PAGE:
Lu sur :https://www.ncbi.nlm.nih.gov/pubmed/28941526
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Lien Google traduction https://translate.google.fr/translate?h ... &sandbox=1Pediatric Myasthenia Gravis.
Semin Pediatr Neurol. 2017 May;24(2):116-121. doi: 10.1016/j.spen.2017.04.003. Epub 2017 Apr 7.
Myasthenia gravis is a disorder of neuromuscular transmission that leads to fatigue of skeletal muscles and fluctuating weakness. Myasthenia that affects children can be classified into the following 3 forms: transient neonatal myasthenia, congenital myasthenic syndromes, and juvenile myasthenia gravis (JMG).
JMG is an autoimmune disorder that has a tendency to affect the extraocular muscles, but can also affect all skeletal muscles leading to generalized weakness and fatigability.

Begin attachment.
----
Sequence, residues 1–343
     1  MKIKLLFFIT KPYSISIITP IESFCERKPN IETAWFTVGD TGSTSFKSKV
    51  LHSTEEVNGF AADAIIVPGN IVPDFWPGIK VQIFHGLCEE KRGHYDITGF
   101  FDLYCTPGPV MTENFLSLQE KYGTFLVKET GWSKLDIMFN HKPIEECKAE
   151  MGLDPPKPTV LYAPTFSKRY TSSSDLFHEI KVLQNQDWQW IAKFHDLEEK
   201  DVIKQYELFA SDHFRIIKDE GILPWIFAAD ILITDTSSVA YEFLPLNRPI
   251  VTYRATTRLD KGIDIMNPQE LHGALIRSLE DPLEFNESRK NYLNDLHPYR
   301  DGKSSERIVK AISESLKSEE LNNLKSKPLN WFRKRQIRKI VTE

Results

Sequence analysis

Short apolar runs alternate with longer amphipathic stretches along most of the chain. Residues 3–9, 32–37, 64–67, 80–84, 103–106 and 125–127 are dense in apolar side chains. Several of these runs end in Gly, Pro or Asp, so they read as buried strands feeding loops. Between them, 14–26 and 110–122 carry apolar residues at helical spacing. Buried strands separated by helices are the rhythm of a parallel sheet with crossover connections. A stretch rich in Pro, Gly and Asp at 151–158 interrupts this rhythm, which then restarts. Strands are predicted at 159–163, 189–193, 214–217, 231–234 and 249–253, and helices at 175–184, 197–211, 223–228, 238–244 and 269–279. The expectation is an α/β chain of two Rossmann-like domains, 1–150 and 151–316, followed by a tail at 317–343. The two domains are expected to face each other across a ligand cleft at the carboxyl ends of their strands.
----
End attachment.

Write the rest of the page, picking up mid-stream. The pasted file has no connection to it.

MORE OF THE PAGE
Respiratory muscles may be involved leading to respiratory failure requiring ventilator support. Diagnosis should be suspected clinically, and confirmatory diagnostic testing be performed, including serum acetylcholine receptor antibodies, repetitive nerve stimulation, and electromyography. Treatment for JMG includes acetylcholinesterase inhibitors, immunosuppressive medications, plasma exchange, intravenous immunoglobulins, and thymectomy.
Children with myasthenia gravis require monitoring by a pediatric ophthalmologist for the development of amblyopia from ptosis or strabismus.